Playgrounds

Playgrounds have had many uses for me over the years.

When I was a child, of course, I played in them. The big one near our house was pretty awesome. It had a good swing set, an awesome merry-go-round that they removed because some kid apparently fell off it and got stuck underneath, and the best jungle gym ever. This jungle gym was all old, splinter-y wood. It had several levels, each with a big old tire attached somewhere. The whole middle of it was a big metal chain-net. It had a little section on the ground-level with a steering wheel. We played a lot of “Ship Captain” on that jungle gym. You could pretend to be a stowaway in one of the tires. The ship captain would use the steering wheel. Somebody would climb to the top and be the lookout. We could use the metal chain part to pretend to be slaves imprisoned on the ship, or to be the fish we were catching, or to hide and try to escape a killer on the ship. And of course, the whole playground was full of sand. It was in the middle of a grassy park, so you could get rid of the sand on the grass as you walked home. (And yes, we walked home.) But you got sandy every time. You just did.

When I was a teenager, playgrounds became a good place to drink. The town hadn’t figured out that they should put lights up so even when a patrol car drove around, as long as we stayed quiet and in the shadows there was never much of an issue. The sand was a great, huge ashtray and you could always find interesting bottle caps if you dug around a bit.

But when we looked old enough to use our hand-made fake IDs, (you could print up a new label for your school ID and the cute guy behind the counter at the video store would laminate it for you), we abandoned the playgrounds for the much more civilized world of bars.

After that, playgrounds became a place to avoid. Who wanted to be around screaming children? I was vaguely aware that the playground I grew up in was torn down and replaced with a new, sterile-looking sculpture, and I was vaguely aware that they stopped using sand. I thought that was all a bit sad, but whatever.

For a few years, I baby sat, so I ended up back on a playground. Thus began the depressing pastime of watching kids on playgrounds. When you’re babysitting, you’re on the lookout for your charge. Is she ok? Ok. Where is she? Over there. Ok. And this was before I even had a Blackberry to play with, so it was all pretty boring.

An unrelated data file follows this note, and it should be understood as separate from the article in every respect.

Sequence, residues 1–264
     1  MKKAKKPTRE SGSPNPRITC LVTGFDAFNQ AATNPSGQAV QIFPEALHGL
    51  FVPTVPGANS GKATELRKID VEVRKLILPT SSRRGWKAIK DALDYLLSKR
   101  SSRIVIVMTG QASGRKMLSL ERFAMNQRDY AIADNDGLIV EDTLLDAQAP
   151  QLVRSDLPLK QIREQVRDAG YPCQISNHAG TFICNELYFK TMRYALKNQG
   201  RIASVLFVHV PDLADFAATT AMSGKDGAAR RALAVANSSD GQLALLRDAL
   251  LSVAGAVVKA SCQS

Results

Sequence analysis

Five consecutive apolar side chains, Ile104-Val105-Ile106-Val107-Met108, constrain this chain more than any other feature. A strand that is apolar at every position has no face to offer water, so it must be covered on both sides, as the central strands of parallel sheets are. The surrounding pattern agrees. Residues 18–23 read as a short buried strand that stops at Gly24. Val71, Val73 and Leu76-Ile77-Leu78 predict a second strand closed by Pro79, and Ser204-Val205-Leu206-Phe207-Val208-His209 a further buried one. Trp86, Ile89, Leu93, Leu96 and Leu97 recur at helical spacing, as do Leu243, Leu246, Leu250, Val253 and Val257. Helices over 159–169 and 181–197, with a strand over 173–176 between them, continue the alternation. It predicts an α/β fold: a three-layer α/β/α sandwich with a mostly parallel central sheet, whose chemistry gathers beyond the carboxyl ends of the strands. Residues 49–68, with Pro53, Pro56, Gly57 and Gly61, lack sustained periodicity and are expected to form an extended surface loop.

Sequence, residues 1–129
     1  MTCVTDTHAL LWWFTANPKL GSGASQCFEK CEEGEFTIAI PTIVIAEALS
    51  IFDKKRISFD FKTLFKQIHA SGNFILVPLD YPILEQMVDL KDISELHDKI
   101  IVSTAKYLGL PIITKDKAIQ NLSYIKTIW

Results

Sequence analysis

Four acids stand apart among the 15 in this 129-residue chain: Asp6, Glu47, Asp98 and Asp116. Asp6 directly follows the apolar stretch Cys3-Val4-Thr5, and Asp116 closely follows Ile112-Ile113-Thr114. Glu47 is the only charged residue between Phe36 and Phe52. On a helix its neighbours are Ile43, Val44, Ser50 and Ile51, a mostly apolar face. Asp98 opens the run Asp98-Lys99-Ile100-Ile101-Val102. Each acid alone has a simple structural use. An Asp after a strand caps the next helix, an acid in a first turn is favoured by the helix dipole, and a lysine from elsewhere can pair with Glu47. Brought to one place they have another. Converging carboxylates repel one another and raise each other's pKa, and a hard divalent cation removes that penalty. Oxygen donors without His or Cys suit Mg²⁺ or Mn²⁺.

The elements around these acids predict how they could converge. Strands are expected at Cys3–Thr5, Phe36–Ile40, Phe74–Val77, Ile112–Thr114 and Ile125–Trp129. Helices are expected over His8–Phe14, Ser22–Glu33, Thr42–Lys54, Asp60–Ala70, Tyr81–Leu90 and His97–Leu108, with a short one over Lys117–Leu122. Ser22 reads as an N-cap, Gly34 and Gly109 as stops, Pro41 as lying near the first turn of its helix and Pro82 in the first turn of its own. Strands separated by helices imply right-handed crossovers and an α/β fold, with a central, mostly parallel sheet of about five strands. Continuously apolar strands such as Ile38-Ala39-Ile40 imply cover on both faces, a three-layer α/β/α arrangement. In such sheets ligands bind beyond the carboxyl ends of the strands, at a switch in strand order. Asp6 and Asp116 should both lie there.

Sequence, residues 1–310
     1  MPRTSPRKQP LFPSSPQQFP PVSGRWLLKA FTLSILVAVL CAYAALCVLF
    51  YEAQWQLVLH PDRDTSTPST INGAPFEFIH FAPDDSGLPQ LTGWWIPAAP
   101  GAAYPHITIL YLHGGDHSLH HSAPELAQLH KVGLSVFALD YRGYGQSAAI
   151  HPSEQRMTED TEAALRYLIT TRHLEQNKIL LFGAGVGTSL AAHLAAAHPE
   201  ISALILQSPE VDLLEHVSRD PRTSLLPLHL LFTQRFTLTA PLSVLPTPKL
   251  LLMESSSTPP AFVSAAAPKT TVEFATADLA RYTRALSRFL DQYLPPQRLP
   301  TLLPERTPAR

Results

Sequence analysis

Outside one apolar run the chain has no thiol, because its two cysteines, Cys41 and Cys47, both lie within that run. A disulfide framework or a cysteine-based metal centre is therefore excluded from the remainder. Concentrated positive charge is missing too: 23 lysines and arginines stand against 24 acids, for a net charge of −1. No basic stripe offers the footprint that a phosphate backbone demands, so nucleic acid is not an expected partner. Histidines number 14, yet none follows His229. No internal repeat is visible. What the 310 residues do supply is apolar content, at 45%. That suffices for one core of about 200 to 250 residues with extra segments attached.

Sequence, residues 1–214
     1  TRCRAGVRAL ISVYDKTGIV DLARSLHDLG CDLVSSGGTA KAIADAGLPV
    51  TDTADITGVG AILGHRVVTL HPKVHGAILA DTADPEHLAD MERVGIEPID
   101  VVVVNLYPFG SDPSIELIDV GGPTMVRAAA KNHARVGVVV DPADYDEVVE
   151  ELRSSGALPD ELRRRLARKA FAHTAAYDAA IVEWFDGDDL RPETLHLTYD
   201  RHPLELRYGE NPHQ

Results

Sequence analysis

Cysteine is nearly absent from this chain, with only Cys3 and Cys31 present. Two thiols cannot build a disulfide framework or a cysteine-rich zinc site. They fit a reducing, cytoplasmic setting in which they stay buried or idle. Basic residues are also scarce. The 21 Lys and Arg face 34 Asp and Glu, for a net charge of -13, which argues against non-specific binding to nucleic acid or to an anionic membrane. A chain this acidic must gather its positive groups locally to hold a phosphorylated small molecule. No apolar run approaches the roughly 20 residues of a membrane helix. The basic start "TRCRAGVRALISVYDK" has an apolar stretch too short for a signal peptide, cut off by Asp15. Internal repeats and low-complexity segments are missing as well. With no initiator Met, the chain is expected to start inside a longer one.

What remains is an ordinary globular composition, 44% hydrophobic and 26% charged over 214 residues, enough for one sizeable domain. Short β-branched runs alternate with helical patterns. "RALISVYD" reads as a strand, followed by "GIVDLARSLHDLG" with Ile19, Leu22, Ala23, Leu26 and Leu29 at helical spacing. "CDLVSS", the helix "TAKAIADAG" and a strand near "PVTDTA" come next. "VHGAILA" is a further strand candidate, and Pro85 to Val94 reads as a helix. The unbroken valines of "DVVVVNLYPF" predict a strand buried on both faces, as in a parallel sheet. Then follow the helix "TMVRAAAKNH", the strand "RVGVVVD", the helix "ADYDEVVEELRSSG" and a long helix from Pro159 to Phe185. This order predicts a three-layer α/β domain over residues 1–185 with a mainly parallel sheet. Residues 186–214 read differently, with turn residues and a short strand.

I stopped babysitting and playgrounds were once again out of my mind.

Then I decided to get pregnant and buy a house in the suburbs, and playgrounds were suddenly looked at longingly from afar. “Ooh, there’s one. Someday I’ll be spending all my time there, ” I would think, sitting comfortably in the air conditioned car.

Finally, when he was about a month old, I started taking him to playgrounds just to get out of the house. But sitting alone on a park bench with a baby is not much different from sitting alone on a couch with a baby. I’ve never been too interested in other people’s kids. The moms who had kids big enough to actually play all seemed to know each other and it bothered me that they were all wearing the exact same kinds of exercise clothes, like there was a playground uniform for mothers that I hadn’t been notified of. I felt like I shouldn’t be there.

There have been some better playground visits since then. Visits with moms of other young babies, where we would sit under the gazebo and chat as we fed the babies bottles in the shade. Visits with moms of bigger kids, where I would take baby out of his stroller and hold him while I chatted with the moms chasing their toddlers around. Mostly, though, I wheeled baby around in his stroller and felt like I shouldn’t be there.

But yesterday, I tried baby out in a swing at the playground. He didn’t seem like he was going to fall out, and he liked it. He sat in the swing and looked around; he smiled, he giggled a bit. Baby won’t be walking for quite some time. He’s not quite sitting up alone yet and he probably won’t be crawling for at least a month. But I finally have something to DO in a playground other than sitting on a park bench playing solitaire while baby chews his fingers. This is a small but significant event.

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